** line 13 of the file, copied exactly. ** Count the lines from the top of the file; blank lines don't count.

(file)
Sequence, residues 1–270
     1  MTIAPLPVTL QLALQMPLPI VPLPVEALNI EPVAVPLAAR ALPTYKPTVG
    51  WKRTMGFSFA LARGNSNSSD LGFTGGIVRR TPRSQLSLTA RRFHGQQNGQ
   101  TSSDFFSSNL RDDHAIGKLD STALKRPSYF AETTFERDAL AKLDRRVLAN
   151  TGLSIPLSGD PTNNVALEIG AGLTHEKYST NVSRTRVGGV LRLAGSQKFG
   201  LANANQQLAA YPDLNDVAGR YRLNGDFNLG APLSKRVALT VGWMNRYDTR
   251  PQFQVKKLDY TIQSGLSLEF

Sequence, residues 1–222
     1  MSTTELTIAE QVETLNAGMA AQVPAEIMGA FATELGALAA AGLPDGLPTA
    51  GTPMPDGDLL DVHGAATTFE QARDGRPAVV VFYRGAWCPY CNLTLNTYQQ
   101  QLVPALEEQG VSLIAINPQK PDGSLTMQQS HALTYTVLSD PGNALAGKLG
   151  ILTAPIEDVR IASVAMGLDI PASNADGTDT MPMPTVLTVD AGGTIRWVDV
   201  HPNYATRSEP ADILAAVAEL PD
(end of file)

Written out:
   201  HPNYATRSEP ADILAAVAEL PD